Student weighting dominates a lot of discussions around Vermont school funding these days. I guess that’s what we should expect after the release last year of a report to the Legislature titled: “Study of Pupil Weights in Vermont’s Education Funding Formula.” But the study also raises broader questions about money and education.
The weighting study examined the cost of raising educational achievement for certain categories of students: economically disadvantaged, non-native English speakers, and those attending small schools or schools in sparsely populated areas. It costs more to improve the educational outcomes for these groups of students than for students not in these categories. The point of the study was to figure out how much more.
For example, if it cost $1,500 per student to get one unit of improvement for students who were not economically disadvantaged, what was the cost to get the same unit of improvement for economically disadvantaged students?
After calculating the relative costs, the study recommended ways to adjust the funding system to compensate for the differences. The adjustment mechanism — a new system of student weighting — has generated most of the headlines and public attention surrounding the study. There has been little — if any — discussion about what the study says about the basic connection between spending and student achievement.
It wasn’t that long ago that calls to increase funding for education ran into opposition from people who claimed that more money wouldn’t improve student outcomes. But now, thanks to better data and more research, it is possible to calculate the cost of improving student performance.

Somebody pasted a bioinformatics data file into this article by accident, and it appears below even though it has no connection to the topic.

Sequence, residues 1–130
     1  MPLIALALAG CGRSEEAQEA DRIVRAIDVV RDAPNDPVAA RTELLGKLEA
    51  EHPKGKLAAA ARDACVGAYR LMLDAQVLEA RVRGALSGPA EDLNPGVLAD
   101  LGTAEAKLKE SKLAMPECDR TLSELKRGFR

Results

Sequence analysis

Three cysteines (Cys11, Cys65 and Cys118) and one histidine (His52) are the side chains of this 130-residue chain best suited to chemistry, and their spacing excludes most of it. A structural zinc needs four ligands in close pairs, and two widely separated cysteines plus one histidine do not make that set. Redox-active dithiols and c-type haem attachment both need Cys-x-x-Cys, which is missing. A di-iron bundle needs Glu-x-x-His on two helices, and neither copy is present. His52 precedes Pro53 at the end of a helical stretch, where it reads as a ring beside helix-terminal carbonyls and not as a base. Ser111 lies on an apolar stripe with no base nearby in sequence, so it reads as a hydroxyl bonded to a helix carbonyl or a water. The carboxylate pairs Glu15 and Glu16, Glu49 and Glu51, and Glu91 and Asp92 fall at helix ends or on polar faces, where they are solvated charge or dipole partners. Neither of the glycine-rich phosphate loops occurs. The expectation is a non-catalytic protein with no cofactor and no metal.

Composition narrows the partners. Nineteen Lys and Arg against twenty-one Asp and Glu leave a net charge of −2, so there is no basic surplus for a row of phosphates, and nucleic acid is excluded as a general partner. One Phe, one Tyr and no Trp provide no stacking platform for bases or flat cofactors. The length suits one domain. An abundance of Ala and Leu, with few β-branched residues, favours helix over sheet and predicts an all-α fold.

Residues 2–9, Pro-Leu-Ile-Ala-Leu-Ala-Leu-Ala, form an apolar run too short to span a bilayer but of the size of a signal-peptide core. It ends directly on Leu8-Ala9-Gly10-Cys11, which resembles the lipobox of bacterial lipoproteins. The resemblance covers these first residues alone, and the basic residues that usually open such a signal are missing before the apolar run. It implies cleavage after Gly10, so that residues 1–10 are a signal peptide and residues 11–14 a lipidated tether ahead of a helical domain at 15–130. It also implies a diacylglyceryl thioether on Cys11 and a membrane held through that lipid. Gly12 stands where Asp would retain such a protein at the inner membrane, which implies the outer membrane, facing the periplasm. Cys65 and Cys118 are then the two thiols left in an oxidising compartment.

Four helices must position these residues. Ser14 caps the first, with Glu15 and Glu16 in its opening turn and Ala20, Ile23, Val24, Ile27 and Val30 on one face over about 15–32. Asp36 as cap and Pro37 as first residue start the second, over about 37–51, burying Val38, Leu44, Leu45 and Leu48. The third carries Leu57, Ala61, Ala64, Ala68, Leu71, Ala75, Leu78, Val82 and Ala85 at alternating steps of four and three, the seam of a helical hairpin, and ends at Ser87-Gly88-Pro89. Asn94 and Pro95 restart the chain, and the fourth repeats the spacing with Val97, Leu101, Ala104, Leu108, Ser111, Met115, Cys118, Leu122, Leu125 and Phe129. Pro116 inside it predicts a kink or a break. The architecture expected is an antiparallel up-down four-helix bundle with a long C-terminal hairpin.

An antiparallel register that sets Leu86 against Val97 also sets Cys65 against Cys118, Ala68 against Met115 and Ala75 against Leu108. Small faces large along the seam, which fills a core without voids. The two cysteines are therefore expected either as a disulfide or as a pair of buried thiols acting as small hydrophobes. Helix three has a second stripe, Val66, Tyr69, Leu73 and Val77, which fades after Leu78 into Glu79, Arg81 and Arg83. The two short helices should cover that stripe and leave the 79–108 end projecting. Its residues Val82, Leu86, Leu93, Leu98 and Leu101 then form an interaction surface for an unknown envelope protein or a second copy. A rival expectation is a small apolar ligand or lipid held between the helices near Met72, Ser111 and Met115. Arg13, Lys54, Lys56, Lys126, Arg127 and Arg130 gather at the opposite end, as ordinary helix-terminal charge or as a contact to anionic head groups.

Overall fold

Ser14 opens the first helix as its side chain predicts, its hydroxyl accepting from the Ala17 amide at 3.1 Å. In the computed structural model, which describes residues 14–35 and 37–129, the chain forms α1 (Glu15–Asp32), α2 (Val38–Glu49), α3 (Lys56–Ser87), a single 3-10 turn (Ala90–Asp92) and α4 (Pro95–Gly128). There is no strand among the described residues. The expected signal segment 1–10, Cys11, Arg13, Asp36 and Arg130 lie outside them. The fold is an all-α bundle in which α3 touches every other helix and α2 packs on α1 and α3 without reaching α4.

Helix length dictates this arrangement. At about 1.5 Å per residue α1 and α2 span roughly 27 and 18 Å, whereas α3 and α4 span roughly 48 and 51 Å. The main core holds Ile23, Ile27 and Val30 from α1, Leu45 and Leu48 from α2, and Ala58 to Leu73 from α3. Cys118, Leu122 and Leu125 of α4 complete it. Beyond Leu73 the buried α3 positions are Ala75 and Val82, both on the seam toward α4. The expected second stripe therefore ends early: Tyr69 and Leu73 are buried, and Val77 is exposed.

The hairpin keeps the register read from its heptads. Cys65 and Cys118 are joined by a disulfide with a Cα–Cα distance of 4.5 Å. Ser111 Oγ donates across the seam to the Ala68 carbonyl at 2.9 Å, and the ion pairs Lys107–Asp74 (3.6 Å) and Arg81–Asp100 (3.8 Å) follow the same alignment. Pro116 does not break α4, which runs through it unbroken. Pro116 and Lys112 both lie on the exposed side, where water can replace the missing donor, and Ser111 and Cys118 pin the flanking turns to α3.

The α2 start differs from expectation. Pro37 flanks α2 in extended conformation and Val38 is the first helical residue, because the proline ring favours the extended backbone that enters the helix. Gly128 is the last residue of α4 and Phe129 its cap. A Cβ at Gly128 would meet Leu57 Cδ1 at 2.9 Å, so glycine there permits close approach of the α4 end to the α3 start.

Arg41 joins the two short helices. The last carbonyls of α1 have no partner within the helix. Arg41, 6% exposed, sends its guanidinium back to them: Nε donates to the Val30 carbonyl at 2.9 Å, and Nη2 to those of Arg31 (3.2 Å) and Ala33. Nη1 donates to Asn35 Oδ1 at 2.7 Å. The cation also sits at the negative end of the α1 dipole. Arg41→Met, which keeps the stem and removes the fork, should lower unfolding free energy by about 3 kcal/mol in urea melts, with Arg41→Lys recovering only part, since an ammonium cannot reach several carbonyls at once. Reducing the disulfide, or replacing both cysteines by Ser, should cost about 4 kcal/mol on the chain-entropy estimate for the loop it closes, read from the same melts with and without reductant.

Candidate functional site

It would have been helpful if the study provided details about how schools and school districts could deploy additional resources to improve student achievement. Parents, voters, and taxpayers tend to be more supportive when they can see and understand the additional services and programs they’re being asked to pay for. But the study clearly found measurable connections between funding and student outcomes.
The study did not recommend how much Vermont should spend on education generally or on any of the specific categories of students. And rightly so. Vermont still confers that decision and responsibility on voters in local communities.
But that raises an interesting question: If parents and voters saw a clear connection between funding and their students’ performance in school, what level of performance would they want for their students? From some quarters at least, we have heard for years that Vermont spends too much on education. But in the various rankings published each year listing states with the best and worst public schools, Vermont typically appears among the top five or 10 best in the nation.
And when we see this evident connection between cost and performance, what are we to make of the continued calls to reduce spending on education? It’s been a constant theme of Gov. Phil Scott. How much lower should we set our sights for our kids’ education in order to reduce the budget?